Most criticism and mockery is born out of insecurity. When the guys call each other ‘homo’ or ‘faggot’, it’s because deep down, in black waters too murky for them to see through, they’re afraid that they might be gay. Amy and Lindsey’s savage critiques of other girls’ hair or clothes or make-up are rooted in the fear that they themselves aren’t pretty or cool. It’s not so much about being gay or fat as it is being the thing that’s rejected and ridiculed.
It’s kind of obvious, if you think about it. But when you’re on the receiving end, all of that recognition goes out the window. Your face warms, your nerves buzz, and everyone around you appears as confident as you feel clueless.
There was a flippancy to Shelly’s barbed remark, one side of her lips curled in muted amusement. It was the sort of dig that required you to force a smile and a fake a laugh, as any protestation or offense could and would be viewed as a sign of your uptight inability to take a joke.
‘Lighten up’, your tormentor may say with a scoff and an eye roll, somehow morphing themselves into the victim of their own attack. ‘I’m just messing with you.’
I knew beyond a shadow of a doubt that she was as uncomfortable and nervous as I was. And yet, I still found myself feeling inferior, clutching my knees in an attempt to stop them from trembling. I bummed a cigarette off of Amy, even though I didn’t smoke, and fumbled with the lighter, my attempt to look cool and confident having the opposite effect.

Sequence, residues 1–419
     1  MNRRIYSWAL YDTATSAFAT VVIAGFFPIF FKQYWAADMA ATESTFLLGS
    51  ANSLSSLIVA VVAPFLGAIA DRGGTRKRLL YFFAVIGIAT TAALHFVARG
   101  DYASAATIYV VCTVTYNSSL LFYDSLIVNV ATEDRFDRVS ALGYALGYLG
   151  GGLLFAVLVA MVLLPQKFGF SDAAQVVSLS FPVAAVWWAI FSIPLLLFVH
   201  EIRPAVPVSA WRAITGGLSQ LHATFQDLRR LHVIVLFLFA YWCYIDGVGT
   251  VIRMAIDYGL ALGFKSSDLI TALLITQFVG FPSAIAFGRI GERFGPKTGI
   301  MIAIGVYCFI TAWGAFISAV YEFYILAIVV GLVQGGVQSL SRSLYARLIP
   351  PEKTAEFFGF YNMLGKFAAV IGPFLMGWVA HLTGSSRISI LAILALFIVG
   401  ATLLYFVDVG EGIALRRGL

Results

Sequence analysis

If the playing field were leveled, and neither of us constructed our actions based around what others would think, or who came ahead on the proverbial scoreboard of a game without rules, then Shelly and I would probably just hug and cry and gargle about how we much missed and loved each other. But we’re much too cool for that now.
She sat down next to Marty, who gave me a ‘what-can-you-do?’ shrug that made me want to cry. It’s not the fact that the world is cruel that hurts. The real pain comes from knowing that a lot of people can see the cruelty, but they join the parade, anyway.
Being publicly ridiculed will never stop being terrifying, but the older you get, it’s not the taunts and laughter that get to you so much as the apologetic glance of a bystander, a look that conveys they know what’s going on is wrong, but aren’t about to speak up. Knowing that there’s evil in the world can make you shiver. The idea that the good are too sheepish or selfish to combat the evil is what makes it hard to get out of the bed in the morning.
I found myself unable to focus on any of the half dozen conversations going on around me. All of the loud and slurred debates, declarations, recantations and raucous laughter blended into one useless disjointed symphony, muffled by my preoccupation with Shelly’s presence. It hissed like white noise, though I made gestures that implied my engagement, alternating between stealing glances at her and pretending as if she didn’t exist.
At one point, Shelly bellowed out an impression of this local car salesman who shouts in bizarre, cheaply produced ads that air on late night cable. Everyone laughed, though mine towered over the throng, a little too loud and a little too stilted, just as it was years ago, back when I was trying to get my new friends to like her.